fMRI Lie Detection: Good Reasons to be Skeptical

Can a brain scanner allow us to detect if someone is lying?

In the mid-2000s, a wave of articles were published in both neuroscientific and legal journals on a new application of a (relatively new) neuroimaging technique. Functional Magnetic Resonance Imaging or ‘fMRI’ is a technique which allows real time monitoring of blood flow and metabolism in the brain: a strong correlate for locating brain activity. It was (and is) a vital tool in identifying behaviours and perceptions within structures of the brain.

In the early days of ‘neuro hype‘ fMRI was promoted (at times ad naseumas a revolutionary tool that investigators and court rooms could one day use to detect if an offender is lying. Older techniques for lie detection, such as the polygraph, have proven to be woefully inadequate, provoking a need for a more scientifically sound method.

Unfortunately, the days of a scientifically robust lie detection method are not yet upon us, nor will they be for some time.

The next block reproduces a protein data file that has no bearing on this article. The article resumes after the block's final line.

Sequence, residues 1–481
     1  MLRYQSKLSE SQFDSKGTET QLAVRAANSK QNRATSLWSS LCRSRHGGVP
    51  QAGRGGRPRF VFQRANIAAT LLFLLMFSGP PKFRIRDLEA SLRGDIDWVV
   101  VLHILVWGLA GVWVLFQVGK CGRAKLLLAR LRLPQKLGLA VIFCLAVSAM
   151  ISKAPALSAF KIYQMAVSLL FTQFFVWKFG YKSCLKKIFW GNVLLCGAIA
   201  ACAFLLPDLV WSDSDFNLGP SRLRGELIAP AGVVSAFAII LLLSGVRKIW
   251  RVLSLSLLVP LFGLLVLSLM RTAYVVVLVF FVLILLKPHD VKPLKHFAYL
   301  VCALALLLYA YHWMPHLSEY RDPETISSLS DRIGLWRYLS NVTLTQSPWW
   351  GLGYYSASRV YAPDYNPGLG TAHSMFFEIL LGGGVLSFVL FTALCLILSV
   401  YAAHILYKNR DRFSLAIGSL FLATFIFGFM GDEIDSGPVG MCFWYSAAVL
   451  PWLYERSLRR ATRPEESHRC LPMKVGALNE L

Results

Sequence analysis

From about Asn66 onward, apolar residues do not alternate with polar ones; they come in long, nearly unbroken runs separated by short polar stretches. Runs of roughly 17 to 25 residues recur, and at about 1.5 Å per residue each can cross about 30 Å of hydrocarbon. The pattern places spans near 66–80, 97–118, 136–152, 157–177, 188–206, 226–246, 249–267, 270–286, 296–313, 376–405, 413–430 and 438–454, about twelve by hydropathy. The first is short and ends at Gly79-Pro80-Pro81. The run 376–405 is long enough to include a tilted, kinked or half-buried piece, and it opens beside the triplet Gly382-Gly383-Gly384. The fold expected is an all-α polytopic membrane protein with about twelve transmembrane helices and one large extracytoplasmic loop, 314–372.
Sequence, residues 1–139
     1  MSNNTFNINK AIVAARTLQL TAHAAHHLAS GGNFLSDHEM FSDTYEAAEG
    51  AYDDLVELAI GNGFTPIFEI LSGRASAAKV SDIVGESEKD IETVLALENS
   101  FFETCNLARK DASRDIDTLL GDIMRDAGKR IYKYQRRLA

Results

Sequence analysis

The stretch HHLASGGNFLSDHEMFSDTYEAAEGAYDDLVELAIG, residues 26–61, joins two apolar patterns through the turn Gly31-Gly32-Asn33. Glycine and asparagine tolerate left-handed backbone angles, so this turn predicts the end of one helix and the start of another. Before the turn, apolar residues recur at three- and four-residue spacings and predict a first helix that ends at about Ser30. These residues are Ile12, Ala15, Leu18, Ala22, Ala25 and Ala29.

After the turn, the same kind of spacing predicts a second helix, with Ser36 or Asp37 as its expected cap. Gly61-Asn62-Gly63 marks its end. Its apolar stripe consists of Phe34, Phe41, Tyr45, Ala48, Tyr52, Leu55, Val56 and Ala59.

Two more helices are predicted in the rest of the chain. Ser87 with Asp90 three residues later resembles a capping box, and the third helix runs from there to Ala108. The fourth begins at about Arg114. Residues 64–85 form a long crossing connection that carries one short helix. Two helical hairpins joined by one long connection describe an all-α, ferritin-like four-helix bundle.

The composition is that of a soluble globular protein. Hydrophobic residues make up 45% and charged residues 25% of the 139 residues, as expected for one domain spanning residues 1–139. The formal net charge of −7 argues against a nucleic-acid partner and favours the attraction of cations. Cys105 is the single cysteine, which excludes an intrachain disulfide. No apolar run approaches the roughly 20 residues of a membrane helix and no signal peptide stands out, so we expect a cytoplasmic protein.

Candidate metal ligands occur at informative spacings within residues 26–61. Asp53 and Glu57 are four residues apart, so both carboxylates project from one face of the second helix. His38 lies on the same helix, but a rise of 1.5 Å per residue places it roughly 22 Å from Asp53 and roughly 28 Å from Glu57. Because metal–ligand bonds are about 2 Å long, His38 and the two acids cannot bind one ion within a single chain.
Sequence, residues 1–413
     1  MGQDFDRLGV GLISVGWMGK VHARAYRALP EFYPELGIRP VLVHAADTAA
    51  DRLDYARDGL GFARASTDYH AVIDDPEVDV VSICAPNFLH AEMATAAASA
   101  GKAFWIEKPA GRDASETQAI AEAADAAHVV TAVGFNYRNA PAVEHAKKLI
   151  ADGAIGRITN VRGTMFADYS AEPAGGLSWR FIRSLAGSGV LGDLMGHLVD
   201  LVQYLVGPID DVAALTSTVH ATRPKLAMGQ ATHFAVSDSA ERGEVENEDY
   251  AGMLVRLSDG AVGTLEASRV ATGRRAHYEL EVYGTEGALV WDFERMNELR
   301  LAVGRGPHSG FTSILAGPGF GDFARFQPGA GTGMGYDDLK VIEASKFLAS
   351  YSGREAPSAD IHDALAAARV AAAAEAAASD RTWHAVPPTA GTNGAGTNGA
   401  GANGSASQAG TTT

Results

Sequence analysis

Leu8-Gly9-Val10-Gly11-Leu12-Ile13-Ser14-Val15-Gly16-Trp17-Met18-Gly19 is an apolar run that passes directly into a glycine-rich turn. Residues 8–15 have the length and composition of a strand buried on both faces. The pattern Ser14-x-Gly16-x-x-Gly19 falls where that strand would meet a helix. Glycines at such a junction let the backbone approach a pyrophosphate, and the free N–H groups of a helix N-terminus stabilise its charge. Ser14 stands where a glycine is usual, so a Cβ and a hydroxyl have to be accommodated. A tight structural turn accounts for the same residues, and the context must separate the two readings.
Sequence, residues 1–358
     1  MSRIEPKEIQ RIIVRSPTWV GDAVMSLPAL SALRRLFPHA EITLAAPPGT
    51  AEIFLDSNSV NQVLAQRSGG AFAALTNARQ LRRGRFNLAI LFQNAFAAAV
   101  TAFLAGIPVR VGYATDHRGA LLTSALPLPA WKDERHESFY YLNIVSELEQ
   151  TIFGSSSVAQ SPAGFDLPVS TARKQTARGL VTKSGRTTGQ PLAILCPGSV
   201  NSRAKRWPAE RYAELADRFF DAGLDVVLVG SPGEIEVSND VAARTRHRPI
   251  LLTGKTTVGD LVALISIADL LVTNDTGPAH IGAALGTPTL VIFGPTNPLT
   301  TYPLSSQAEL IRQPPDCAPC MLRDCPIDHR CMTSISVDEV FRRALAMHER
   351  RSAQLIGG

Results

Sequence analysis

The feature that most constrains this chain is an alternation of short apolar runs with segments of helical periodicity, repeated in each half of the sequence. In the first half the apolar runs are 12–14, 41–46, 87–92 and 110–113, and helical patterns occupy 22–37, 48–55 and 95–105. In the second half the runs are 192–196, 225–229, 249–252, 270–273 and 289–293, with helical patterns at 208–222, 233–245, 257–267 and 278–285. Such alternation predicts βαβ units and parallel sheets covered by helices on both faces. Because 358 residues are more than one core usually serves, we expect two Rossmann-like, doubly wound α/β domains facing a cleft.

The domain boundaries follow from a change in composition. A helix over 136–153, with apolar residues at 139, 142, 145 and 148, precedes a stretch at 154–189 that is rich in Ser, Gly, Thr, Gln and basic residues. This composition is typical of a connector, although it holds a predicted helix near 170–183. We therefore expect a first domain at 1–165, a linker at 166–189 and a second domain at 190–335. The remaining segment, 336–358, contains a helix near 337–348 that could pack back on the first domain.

Among the many issues facing fMRI lie detection is the fact that the interpretation of fMRI images remains a persistent challenge for experts in the field. We still can’t measure ‘brain activity’ directly, instead researchers are limited to monitoring blood flow – which may be telling them something different altogether.

Moreover, studies which demonstrate the use of fMRI for lie detection have also been very mixed, forcing even proponents of the technique to question its reliability. 

Finally, fMRI readings for ‘deception’ are likely to vary dramatically across cultures, as existing studies have been limited to the classic outliers of clinical research – educated, Western, university students.

Overall, there is very little to suggest that fMRI lie detection is a viable forensic tool, at least at this stage. Nevertheless, improvements in fMRI interpretation and larger scale cross-cultural studies may change this position in the future.

For a discussion of the admissibility of fMRI lie detection evidence in Australia courts, check out this paper by Leanne Houston from University of Technology Sydney.


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